Former U.S. Surgeon General C. Everett Koop was quoted as saying, “Medications do not work in patients who do not take them.”
Of course, the concept seems obvious, but it does draw attention to the fact that there is a huge gap between medication therapy prescribed by physicians and medication use by patients. It has been estimated that the total worldwide cost of medication non-adherence, including direct and indirect costs, is in the range of $100 billion to $300 billion.
Physicians have struggled for a long time with how to encourage patients to take their medications more regularly. In the past, those who did not do so were often labelled as non-compliant. Yet contemporary medicine recognizes that there are many legitimate reasons why patients choose not to take prescribed medication. It is also understood that the physician-patient relationship benefits from partnership and open communication in an effort to build a therapeutic alliance.
During the last 50 years, there has been a worldwide shift in the burden of disease from acute infectious illness to chronic disease. During the same interval, many new and effective therapies have been developed to manage chronic disease, reduce complications and improve patient outcomes.
A patient today with diabetes mellitus, cardiovascular disease or chronic kidney disease (just to name a few) has access to a wealth of treatment options that would not have been available to their grandparents or even parents. To be sure, this evolution of medical treatment has fueled improvements in health-related quality of life and an ever-increasing lifespan in the developed world. Yet the full benefit has not been realized at least in part because of the challenge of medication non-adherence.
Adherence has been defined as taking more than 80 percent of prescribed medication. Studies have shown that, on average, patients take less than half of their prescribed medication. Persistence with medication use, particularly for chronic conditions, is another problem. For common conditions such as hypertension, there is evidence that many patients discontinue medication within 90 days of their prescription.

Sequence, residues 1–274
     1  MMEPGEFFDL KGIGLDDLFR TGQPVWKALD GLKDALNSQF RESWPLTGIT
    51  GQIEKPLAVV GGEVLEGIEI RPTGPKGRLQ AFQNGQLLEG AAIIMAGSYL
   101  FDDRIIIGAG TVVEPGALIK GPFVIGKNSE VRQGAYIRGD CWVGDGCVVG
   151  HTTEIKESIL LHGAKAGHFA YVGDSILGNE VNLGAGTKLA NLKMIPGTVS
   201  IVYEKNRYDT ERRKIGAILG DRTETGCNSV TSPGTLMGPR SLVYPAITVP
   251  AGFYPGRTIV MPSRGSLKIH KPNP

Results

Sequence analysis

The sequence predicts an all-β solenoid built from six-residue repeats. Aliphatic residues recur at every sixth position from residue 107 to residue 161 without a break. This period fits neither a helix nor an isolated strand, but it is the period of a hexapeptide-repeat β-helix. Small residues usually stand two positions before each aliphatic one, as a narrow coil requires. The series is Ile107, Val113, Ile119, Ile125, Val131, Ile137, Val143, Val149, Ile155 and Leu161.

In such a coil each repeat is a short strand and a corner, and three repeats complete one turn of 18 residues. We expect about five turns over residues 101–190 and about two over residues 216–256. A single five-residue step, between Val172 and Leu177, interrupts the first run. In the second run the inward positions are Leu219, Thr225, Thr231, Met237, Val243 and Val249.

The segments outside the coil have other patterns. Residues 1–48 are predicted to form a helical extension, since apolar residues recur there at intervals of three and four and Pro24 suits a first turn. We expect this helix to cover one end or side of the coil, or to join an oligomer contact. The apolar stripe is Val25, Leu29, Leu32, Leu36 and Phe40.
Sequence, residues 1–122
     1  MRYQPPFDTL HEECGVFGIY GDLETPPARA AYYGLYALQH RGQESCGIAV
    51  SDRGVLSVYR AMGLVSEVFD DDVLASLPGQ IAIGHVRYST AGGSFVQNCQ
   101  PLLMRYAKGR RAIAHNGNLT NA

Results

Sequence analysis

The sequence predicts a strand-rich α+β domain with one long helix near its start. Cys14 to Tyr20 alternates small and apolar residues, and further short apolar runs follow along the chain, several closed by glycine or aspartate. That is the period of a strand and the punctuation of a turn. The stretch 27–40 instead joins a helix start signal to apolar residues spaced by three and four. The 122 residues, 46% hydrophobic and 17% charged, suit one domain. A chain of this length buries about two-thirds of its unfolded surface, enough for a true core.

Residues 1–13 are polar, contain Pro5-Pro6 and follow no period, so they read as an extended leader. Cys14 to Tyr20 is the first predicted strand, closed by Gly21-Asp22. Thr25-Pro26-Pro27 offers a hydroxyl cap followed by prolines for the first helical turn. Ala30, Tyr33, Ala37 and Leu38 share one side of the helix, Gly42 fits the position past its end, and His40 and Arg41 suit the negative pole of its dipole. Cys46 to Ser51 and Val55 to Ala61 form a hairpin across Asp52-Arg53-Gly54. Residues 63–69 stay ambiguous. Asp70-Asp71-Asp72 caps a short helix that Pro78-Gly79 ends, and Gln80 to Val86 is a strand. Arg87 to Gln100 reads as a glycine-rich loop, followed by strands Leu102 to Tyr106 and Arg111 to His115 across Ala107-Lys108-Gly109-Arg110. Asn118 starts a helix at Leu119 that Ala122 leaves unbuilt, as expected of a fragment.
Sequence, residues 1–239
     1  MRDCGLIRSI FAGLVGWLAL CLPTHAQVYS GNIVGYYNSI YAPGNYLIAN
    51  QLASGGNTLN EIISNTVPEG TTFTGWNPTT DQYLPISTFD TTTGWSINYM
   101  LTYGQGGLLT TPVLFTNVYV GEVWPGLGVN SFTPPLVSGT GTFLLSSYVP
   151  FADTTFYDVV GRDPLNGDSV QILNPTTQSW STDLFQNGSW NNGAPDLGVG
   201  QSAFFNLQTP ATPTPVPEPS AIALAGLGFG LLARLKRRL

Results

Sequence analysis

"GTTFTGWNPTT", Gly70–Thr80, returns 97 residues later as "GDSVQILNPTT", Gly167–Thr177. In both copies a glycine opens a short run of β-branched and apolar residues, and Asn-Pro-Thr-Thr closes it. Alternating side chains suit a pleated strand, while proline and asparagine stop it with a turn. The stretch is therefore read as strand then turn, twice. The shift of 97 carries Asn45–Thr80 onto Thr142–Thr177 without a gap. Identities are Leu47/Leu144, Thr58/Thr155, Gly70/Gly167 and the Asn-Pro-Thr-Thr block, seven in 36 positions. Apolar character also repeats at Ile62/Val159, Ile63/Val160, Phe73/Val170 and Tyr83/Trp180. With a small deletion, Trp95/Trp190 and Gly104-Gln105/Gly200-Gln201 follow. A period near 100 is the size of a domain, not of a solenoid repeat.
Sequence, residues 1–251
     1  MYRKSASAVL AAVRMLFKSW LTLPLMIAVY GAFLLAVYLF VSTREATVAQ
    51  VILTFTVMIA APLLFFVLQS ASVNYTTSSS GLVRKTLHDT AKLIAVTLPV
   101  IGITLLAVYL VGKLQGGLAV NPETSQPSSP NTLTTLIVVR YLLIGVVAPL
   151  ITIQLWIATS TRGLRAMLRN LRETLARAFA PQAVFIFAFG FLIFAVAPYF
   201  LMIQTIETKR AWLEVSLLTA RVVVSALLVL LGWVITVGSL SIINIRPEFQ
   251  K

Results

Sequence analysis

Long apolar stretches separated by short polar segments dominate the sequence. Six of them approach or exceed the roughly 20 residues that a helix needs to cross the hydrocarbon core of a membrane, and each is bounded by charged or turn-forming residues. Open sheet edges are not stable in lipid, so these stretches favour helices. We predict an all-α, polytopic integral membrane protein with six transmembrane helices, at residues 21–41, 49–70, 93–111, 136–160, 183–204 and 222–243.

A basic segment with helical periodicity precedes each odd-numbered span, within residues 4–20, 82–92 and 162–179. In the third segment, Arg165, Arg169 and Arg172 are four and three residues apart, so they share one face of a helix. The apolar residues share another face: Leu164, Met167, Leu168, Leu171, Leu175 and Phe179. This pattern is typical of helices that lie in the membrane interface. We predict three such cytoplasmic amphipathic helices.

The World Health Organization has said that increasing medication adherence may have a far greater impact on the health of the population than any improvement in specific medical therapy.
The reasons why people choose not to take their prescribed medications are many. Cost may limit access. Adverse side effects or medication interactions may also have an impact. The use of medications may be affected by health or cultural beliefs, health literacy, mental illness or impairment, or even visual impairment.
Medical providers and health systems also contribute to medication non-adherence among the patients that they serve. This may result from prescribing inappropriate medications or excessive amounts of medication. Many patients are unable to list which medications they take and even fewer can relate the purpose of the medication.
Other factors can include provider workload, which may affect time spent reviewing medication use including side effects and other patient concerns.
Medical providers are seeking ways to improve communication with patients and build an alliance with patients for the benefit of their health. The benefits of success are measurable. Not only do patients benefit from their medications when taken regularly, but the simple act of adhering to a treatment plan has been shown to improve health outcomes.
Dr. Matthew A. Clark is a board-certified physician practicing at the Ute Mountain Ute Health Center in Towaoc.